Thunderbird and Addons

Joshua Cranmer pidgeot18 at
Wed Aug 26 20:14:41 UTC 2015

On 08/26/2015 02:44 PM, R Kent James wrote:
> It would be good to inform us of any binary extensions that are out 
> there and your needs.

This is extremely crucial advice to add-on developers. Anything that 
cannot be satisfied with js-ctypes we should be well-informed of, 
because we're unlikely to be able to maintain this.
> We have no current plan for dealing with the XUL deprecation issue. We 
> don't get invited to sit at the cool kids table anymore, so this is 
> hitting us about the same time it is hitting you (though I suspect the 
> discussion was public if we had looked hard enough).

In a recent message, I've referred to the XUL/XPCOM issue as a "looming 
disaster" (to steal the term from a video game). XUL we're going to have 
to move away from, for sure. I do suspect, however, that there will 
remain a chrome/content divergence in the layout engine without HTML, 
and if that is the case, we should be able to use WebIDL to bridge JS 
and C++ in a post-XPCOM world (I already know at a high-level what needs 
to be done, and I've had support from bz about our use cases here in the 
past). I do have ideas on how to do that. It's very unclear to me how 
WebExtensions would handle custom WebIDL APIs, but if that is possible, 
we could use it.

The bigger problem with the deletion of XUL is that XUL has some 
high-quality widgets that are very difficult to code in pure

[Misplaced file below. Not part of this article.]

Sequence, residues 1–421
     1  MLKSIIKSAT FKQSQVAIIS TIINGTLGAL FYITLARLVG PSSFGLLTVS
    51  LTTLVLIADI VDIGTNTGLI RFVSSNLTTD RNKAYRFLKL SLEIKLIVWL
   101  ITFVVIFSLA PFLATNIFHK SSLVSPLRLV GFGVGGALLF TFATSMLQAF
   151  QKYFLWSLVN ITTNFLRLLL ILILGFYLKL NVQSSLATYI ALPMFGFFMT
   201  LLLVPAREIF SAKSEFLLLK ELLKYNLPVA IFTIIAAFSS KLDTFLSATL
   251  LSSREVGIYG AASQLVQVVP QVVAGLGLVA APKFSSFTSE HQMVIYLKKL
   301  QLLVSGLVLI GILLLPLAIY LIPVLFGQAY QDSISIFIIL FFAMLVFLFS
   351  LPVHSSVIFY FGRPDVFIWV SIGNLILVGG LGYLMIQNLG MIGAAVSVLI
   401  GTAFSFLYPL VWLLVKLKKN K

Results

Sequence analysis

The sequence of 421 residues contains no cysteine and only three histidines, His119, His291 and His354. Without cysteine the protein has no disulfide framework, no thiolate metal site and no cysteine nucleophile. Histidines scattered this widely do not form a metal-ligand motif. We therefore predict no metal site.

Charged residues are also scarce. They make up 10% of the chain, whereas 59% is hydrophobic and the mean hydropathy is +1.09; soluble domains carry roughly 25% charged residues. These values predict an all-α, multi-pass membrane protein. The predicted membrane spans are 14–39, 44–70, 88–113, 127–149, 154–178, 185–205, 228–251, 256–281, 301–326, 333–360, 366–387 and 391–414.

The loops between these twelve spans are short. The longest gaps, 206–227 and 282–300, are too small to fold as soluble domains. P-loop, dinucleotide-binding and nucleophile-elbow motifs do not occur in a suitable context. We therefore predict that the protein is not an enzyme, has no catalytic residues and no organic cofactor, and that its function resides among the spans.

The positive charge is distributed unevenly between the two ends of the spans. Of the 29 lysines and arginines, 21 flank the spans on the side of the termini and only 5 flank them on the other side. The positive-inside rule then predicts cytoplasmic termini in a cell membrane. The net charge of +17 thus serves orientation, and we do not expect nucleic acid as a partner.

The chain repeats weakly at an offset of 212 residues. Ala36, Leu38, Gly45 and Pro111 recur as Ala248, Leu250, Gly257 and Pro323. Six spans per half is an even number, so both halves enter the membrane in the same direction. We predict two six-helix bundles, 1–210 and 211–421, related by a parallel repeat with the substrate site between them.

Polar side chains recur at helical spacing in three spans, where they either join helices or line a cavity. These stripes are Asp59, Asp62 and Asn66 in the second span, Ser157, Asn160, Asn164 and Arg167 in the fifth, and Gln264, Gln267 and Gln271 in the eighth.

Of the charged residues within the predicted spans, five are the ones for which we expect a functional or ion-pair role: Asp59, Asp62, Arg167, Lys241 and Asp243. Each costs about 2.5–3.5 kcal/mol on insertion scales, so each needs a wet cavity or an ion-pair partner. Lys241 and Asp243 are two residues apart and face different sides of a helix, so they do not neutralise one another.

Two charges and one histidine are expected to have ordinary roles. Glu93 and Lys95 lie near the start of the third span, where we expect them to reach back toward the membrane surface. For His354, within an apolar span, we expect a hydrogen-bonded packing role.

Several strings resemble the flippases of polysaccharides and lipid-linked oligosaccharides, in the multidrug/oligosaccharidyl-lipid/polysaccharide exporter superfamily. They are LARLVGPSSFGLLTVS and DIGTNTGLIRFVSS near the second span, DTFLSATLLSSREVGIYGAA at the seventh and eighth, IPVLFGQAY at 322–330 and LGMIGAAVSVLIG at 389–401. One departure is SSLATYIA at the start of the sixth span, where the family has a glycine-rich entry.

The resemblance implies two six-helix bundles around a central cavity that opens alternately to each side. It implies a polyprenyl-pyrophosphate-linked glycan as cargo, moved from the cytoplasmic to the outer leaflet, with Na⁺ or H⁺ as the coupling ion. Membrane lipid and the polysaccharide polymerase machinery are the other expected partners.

HTML--namely, I'm referring to the <tree> widget. Honestly, this is 
something that I feel Mozilla should be providing if they move away from 
XUL, but I doubt they will (judging from the response to the last XUL 
tree question on m.d.platform).

> At least for Thunderbird, we have no current intention of either 
> trying to reduce the power of addons, nor trying to be compatible with 
> some industry-wide standard for addons (since there is no equivalent 
> to "Web Extensions" for email clients). We're a different product than 
> Firefox with different needs. But the prospect of trying to do our own 
> thing here independent of Firefox would be enormously challenging.

There are some extensions for FF that do things like add new protocol 
handlers whose support would require some sort of hooks that we could 
likely abuse/twist for our ends. Some of the documentation makes it 
clear that the add-ons team has no answers for these questions (nor even 
really considered them too hard). This makes proactive damage control 
extremely difficult on our end (or even for many/most add-on authors).
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